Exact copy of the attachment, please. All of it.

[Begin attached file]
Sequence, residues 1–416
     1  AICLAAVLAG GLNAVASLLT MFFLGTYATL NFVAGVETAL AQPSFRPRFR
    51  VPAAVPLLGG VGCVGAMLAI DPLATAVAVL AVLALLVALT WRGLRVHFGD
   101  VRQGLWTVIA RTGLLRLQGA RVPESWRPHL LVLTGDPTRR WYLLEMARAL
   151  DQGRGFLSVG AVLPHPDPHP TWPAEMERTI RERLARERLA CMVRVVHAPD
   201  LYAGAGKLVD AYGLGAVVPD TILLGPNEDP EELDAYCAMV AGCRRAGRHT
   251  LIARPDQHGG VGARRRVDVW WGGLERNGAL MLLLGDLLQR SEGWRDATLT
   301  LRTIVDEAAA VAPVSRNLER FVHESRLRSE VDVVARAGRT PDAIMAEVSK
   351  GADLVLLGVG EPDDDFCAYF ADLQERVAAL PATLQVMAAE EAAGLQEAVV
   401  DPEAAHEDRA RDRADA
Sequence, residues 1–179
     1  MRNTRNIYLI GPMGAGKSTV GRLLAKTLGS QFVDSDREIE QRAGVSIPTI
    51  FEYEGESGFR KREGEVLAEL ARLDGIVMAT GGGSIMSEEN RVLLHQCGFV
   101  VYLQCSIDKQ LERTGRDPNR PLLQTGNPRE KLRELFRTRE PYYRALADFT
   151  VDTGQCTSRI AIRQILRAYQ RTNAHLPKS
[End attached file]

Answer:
Sequence, residues 1–416
     1  AICLAAVLAG GLNAVASLLT MFFLGTYATL NFVAGVETAL AQPSFRPRFR
    51  VPAAVPLLGG VGCVGAMLAI DPLATAVAVL AVLALLVALT WRGLRVHFGD
   101  VRQGLWTVIA RTGLLRLQGA RVPESWRPHL LVLTGDPTRR WYLLEMARAL
   151  DQGRGFLSVG AVLPHPDPHP TWPAEMERTI RERLARERLA CMVRVVHAPD
   201  LYAGAGKLVD AYGLGAVVPD TILLGPNEDP EELDAYCAMV AGCRRAGRHT
   251  LIARPDQHGG VGARRRVDVW WGGLERNGAL MLLLGDLLQR SEGWRDATLT
   301  LRTIVDEAAA VAPVSRNLER FVHESRLRSE VDVVARAGRT PDAIMAEVSK
   351  GADLVLLGVG EPDDDFCAYF ADLQERVAAL PATLQVMAAE EAAGLQEAVV
   401  DPEAAHEDRA RDRADA
Sequence, residues 1–179
     1  MRNTRNIYLI GPMGAGKSTV GRLLAKTLGS QFVDSDREIE QRAGVSIPTI
    51  FEYEGESGFR KREGEVLAEL ARLDGIVMAT GGGSIMSEEN RVLLHQCGFV
   101  VYLQCSIDKQ LERTGRDPNR PLLQTGNPRE KLRELFRTRE PYYRALADFT
   151  VDTGQCTSRI AIRQILRAYQ RTNAHLPKS